Frequent Traveller Nightmare Part 1: Why I don’t travel (that much)

I used to love to take a trip on an airplane.  And my airline of choice was United.  I flew on them because their planes were clean, they got me to where I wanted to go most of the time without a plane change (particularly when I lived in San Francisco), and I could follow all of the air traffic fun on my headset, giving me something the remote possibility of learning something, while mindlessly staring out the window.

Almost a decade ago my love affair with flying ended, sometime after the love affair with my (now) wife began.  We were often separated by hours of overnight flights and thousands of miles.  It was also a time when United went bankrupt while their planes were over capacity.  Since then, the Towers fell on 9/11 (I was in the UK at the time), and we’ve become so paranoid about our personal safety thanks to the Bush Era approach of leading from a position of fear that air travel has become a flying prison experience.  And so I have largely stopped.

My own personal travel has dropped from a peek of 120,000 miles per year down to roughly 30,000.  Yes, I still travel, but considerably less, and not often to America.  There are more than a few reasons for this:

  • Flying is expensive, especially for families.  I now have one.
  • Fuel surcharges that can be over 200% of the cost of the ticket (something that Continental misleads customers to believe it is entirely beyond their control).
  • Distance- this cuts both ways: I don’t need a plane (or even clothing) to see my wife and daughter, while my parents and American friends are much farther away, making the trip both more expensive and difficult.
  • Convenience- who wants to deal with the TSA?  To be fair, here in Switzerland they really do make it as painless as possible.  I have only ever once missed a flight here in Switzerland, when a train broke down, and the SBB actually rebooked me on the next flight before I arrived at the airport!
  • A long flight is hard on a child– any child.  Parents need to think long and hard before putting their children– and other passengers– through that.  We made that mistake by bringing our daughter on a long haul at the age of 4 months.  When she was sick.  Big mistake.  Even though the doctor told us it was okay for her to fly (he was wrong) in order to get to Florida.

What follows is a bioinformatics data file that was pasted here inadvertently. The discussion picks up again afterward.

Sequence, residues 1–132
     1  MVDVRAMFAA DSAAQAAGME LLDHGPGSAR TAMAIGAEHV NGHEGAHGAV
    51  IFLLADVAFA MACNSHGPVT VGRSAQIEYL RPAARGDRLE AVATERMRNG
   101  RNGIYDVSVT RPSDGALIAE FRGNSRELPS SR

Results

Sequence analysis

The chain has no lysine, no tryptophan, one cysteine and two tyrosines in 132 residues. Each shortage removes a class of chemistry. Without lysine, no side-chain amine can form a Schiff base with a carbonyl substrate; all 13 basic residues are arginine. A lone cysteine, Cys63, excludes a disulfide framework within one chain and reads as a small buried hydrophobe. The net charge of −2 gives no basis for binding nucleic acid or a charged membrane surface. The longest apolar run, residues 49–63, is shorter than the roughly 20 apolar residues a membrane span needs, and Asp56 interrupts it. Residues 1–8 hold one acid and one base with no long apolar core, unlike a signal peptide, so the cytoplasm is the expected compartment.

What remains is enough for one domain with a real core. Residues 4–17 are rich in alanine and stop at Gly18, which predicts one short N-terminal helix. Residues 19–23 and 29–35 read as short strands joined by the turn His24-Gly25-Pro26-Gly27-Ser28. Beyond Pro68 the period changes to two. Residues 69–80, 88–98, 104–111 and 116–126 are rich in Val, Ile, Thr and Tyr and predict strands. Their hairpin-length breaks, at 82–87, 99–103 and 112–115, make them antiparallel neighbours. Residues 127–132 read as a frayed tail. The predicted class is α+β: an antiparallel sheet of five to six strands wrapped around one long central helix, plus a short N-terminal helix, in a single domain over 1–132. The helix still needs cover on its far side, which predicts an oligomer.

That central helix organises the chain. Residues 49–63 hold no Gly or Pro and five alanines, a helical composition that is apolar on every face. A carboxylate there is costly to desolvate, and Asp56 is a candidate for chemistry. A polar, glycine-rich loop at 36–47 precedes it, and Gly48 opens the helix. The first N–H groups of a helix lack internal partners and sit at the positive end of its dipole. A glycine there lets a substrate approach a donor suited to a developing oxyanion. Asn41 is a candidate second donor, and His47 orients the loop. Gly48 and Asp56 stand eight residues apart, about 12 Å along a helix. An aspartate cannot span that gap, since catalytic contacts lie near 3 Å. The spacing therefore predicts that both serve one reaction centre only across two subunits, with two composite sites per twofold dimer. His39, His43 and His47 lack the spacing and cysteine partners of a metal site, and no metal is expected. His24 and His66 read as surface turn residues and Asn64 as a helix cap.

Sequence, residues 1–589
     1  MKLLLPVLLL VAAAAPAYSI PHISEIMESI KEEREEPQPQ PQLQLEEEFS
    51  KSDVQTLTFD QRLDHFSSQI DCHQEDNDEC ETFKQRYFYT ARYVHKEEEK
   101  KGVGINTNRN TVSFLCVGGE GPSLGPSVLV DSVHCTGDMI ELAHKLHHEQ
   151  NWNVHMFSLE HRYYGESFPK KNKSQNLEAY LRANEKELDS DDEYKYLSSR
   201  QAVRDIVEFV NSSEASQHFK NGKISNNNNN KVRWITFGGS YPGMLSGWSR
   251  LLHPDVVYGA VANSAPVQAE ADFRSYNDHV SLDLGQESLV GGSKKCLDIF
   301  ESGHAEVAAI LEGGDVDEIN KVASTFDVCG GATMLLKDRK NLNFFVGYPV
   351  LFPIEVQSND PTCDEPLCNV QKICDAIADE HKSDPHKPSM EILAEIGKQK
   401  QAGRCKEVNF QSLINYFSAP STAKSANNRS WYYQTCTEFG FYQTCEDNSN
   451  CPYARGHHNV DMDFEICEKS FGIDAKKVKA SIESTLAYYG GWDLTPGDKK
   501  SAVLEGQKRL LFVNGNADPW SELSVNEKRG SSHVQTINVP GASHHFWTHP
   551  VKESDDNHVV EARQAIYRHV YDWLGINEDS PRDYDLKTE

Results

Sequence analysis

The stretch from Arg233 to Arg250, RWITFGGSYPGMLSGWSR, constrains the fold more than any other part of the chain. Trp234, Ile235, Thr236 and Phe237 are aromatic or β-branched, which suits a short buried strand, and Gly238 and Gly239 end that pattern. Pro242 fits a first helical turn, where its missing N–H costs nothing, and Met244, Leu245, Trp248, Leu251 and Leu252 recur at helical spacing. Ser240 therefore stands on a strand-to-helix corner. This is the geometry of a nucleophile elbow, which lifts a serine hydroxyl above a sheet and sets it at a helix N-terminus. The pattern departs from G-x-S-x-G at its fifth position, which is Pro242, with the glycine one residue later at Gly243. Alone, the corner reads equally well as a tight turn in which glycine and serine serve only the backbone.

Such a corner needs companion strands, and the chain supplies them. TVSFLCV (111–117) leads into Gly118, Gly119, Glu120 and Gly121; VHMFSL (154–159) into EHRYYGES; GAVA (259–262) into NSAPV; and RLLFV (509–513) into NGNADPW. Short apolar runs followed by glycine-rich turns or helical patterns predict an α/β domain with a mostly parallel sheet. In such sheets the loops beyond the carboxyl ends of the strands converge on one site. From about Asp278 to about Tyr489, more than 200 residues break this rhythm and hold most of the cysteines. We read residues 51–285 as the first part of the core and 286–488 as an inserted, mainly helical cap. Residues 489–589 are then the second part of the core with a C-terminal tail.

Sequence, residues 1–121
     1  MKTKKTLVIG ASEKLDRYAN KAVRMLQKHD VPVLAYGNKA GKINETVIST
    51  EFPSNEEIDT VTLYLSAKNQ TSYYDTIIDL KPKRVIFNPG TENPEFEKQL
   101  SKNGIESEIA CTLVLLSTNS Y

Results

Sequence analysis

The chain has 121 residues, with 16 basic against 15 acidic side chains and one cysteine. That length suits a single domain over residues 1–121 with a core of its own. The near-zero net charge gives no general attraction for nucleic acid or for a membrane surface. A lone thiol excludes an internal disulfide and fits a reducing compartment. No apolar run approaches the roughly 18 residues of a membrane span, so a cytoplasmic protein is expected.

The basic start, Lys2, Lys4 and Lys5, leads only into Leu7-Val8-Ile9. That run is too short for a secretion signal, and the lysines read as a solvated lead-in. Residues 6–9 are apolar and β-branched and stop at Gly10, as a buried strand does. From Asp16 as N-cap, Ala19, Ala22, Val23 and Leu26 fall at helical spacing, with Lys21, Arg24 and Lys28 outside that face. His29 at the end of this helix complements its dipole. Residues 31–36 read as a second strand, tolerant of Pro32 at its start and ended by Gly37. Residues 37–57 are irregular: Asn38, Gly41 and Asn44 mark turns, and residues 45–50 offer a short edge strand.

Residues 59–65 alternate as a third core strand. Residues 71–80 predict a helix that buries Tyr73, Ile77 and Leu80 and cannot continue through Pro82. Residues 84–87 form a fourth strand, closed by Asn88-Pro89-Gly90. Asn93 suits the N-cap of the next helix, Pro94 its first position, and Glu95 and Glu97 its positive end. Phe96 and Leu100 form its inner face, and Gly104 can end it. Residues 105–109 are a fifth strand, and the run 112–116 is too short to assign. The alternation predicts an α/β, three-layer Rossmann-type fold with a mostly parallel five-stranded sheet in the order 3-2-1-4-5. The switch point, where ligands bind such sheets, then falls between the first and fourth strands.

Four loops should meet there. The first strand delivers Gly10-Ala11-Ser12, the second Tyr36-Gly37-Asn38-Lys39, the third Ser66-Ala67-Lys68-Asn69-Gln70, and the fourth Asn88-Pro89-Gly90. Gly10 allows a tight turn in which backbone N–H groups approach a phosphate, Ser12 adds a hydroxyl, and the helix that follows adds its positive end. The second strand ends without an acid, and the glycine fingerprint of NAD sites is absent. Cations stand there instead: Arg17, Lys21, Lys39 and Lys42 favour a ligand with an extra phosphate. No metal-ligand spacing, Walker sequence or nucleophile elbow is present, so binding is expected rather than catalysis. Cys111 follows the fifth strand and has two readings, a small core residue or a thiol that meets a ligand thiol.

• But beyond that, anyone in the back of a long haul has a miserable experience ahead of them from the moment they board.  You can be assured that drinks on American airlines won’t be free, the movies will be lousy, and the food will be, if anything, worse than you remember.
  • Families have very few options to upgrade.  When I’ve done so, it hasn’t been worth it.  After all, what’s a comfortable chair if you can’t sleep because you need to attend to a child?

All of this boils down to the fact that the average flight to the U.S. costs us around $3,100.  It’s about 1/3 that to elsewhere within Europe.  Compare that with the $388 it used to cost me to go from San Francisco to the East Coast.

This leaves business travel.  I have reduced that as well.  A lot.  Some people aren’t in a position to do so, I am, and I have.  It has helped that my company now discourages travel where four years ago people would just as soon hop an airplane than pick up a phone. Now we have TelePresence, WebEx, and all sorts of other collaboration tools at our disposal.  I applaud the change.

But even when I do travel, within Europe I prefer the train when it is feasible.  I recently chose the train over the plane to get from Zürich to Maastricht.  That turned out to take only about an hour longer without a plane than it would have taken with.  But it cost quite a bit more.  Within Switzerland I always use the train to Geneva.  No reservations required, and it just works.

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2 thoughts on “Frequent Traveller Nightmare Part 1: Why I don’t travel (that much)”

  1. You’ll be glad to know that travelling with kids gets much easier. You just need to get them out of diapers and at the age where they can roll their own suitcase. Then it becomes bearable. Not cheaper though. Boy does it never get cheaper again.

  2. Interestingly enough, when I flew through Zurich a few years ago on my way to Vienna, the security at Zurich seriously questioned the amount of Ensure liquid protein I brought with me since the flight to Vienna was so short. I had already been traveling for close to 20 hours, I believe. And, they shouldn’t really question the amount of medical liquid required. They gave me more trouble than the U.S. TSA folk did, actually. Admittedly, it was a large amount. But, just a data point of not having as smooth of an interaction. In the U.S., I tend to have the most trouble at the smallest airports with liquid.

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